Bugs in keyboard apps revealing what users type

Popular keyboard apps for Chinese speakers have been exposed to critical flaws that allow attackers to intercept every keystroke, researchers have found. Apps from Baidu, Samsung, Tencent, Xiaomi, and others were among those affected.

The vulnerabilities were discovered by Citizen Lab, an internet watchdog group that investigates government malware, and affect up to a billion people. The researchers based their investigation on cloud-based pinyin keyboard apps – pinyin is a method used by three-quarters of mainland Chinese users to romanize Chinese characters.

They analyzed preinstalled apps from Baidu, Honor, Huawei, iFlyTek, OPPO, Samsung, Tencent, Vivo, and Xiaomi, looking for vulnerabilities that would allow threat actors to intercept the transmission between a user’s device and the cloud. Huawei was the only vendor that passed Citizen Labs’ test unscathed.

The vulnerabilities have potentially impacted hundreds of millions of users, according to the report. Last year, Honor, OPPO, and Xiaomi alone comprised nearly half the smartphone market in China.

“Our analysis revealed critical vulnerabilities in keyboard apps from eight out of the nine vendors in which we could exploit that vulnerability to completely reveal the contents of users’ keystrokes in transit. Most of the vulnerable apps can be exploited by an entirely passive network eavesdropper,” the researchers said.

Citizen Lab informed all vendors about vulnerabilities, with only Honor failing to fix the issues before April 1st.

According to the report, the critical problem with the app security came from how typing data was transmitted over the internet. Unlike the Latin-based alphabet, pinyin keyboards send data to the cloud to predict Chinese words and characters more easily.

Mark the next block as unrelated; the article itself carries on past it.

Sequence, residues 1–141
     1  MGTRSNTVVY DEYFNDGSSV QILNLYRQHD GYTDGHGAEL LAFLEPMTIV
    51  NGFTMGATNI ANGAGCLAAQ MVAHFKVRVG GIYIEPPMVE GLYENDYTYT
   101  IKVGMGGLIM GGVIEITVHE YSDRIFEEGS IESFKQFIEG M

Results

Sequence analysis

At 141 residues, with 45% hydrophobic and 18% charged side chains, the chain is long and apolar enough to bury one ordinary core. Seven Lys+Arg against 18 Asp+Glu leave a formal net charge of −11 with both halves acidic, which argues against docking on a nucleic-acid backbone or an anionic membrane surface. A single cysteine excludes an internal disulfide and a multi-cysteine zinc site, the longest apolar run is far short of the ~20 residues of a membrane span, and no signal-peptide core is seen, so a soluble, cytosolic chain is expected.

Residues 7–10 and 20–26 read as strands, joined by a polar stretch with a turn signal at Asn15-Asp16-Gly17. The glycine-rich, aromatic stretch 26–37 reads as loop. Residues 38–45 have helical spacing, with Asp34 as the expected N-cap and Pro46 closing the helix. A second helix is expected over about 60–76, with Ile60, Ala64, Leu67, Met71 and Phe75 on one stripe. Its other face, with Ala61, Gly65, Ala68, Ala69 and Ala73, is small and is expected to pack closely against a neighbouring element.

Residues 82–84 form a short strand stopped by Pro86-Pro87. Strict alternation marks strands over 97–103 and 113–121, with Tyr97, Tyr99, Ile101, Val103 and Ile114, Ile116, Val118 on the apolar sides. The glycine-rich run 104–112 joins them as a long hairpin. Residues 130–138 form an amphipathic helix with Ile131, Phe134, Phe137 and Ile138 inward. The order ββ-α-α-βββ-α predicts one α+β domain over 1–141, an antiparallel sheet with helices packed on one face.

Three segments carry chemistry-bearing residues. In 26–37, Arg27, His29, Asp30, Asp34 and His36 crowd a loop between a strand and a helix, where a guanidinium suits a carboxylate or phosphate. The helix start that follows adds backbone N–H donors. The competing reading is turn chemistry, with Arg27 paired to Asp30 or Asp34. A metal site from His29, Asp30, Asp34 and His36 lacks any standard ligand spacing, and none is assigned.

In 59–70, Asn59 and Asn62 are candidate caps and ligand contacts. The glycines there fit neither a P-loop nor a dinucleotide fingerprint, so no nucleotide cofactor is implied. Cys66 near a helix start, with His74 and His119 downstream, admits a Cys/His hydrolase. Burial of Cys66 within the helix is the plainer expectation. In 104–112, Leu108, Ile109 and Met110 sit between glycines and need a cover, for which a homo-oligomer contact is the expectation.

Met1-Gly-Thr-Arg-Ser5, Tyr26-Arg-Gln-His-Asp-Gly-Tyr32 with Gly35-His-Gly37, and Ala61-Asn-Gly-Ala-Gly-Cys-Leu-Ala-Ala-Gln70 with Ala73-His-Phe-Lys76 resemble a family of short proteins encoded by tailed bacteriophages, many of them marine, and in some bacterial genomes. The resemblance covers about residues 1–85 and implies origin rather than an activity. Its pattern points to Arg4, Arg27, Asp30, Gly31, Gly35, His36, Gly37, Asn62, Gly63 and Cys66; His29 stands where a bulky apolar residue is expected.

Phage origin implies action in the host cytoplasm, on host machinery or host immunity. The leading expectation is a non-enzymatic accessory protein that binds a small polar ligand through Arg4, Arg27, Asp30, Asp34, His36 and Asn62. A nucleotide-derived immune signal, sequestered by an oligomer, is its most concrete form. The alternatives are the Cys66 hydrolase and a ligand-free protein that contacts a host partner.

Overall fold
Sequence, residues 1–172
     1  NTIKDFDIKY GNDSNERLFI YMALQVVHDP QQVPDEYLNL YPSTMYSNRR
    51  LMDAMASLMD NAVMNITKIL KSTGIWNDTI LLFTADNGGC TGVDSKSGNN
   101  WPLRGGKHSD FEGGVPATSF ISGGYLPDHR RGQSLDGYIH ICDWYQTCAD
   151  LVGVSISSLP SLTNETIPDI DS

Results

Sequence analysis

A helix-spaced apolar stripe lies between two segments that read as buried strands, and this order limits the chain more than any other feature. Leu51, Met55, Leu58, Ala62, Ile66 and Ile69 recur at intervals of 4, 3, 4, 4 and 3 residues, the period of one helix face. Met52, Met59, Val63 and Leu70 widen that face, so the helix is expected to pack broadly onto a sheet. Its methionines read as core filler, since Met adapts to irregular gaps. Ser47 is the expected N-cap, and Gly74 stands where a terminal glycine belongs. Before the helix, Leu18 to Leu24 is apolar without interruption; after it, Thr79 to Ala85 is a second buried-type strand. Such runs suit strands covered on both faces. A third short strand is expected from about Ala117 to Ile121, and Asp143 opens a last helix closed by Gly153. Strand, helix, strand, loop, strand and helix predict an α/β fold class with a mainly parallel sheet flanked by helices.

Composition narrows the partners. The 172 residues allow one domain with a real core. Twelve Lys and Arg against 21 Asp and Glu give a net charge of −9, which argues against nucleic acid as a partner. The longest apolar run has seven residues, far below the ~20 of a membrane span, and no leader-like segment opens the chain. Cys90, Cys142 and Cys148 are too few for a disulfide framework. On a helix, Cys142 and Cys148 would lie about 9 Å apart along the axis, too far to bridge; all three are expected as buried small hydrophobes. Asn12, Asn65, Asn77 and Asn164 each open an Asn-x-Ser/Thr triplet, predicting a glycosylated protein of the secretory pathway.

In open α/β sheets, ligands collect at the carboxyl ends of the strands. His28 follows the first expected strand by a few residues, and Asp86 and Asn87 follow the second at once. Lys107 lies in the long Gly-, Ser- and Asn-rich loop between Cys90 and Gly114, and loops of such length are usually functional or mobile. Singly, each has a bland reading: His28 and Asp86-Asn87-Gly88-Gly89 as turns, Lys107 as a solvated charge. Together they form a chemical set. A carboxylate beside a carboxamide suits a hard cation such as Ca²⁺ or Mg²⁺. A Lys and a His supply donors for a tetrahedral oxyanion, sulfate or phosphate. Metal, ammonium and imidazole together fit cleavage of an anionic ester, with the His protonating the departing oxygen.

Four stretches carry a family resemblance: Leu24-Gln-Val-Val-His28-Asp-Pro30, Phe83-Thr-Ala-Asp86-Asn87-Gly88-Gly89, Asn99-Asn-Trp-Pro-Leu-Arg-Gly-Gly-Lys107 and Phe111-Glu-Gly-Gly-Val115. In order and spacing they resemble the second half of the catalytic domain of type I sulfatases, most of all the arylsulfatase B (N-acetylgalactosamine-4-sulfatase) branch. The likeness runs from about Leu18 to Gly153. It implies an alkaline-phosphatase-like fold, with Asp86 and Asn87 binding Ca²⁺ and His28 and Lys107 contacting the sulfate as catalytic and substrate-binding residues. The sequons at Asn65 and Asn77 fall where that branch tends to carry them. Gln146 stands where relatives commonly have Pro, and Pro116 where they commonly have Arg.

“Enabling “cloud-based” features in these apps means that longer strings of syllables that users type will be transmitted to servers elsewhere. As many have previously pointed out, “cloud-based” keyboards and input methods can function as vectors for surveillance and essentially behave as keyloggers,” researchers said.

In essence, motivated attackers may have intercepted everything users were typing on their keyboard app, from text messages and login details to passwords and financial information. Even if the users attempted to safeguard their privacy via end-to-end encrypted messaging services, attackers could intercept what the user typed before the message even left the device.

As most service providers have since fixed the bugs discovered by Citizen Lab, researchers recommend updating their apps and operating systems. However, the report insists that to protect the privacy of communications and other sensitive data, users should switch away from cloud-based keyboard apps to ones operating entirely on-device.

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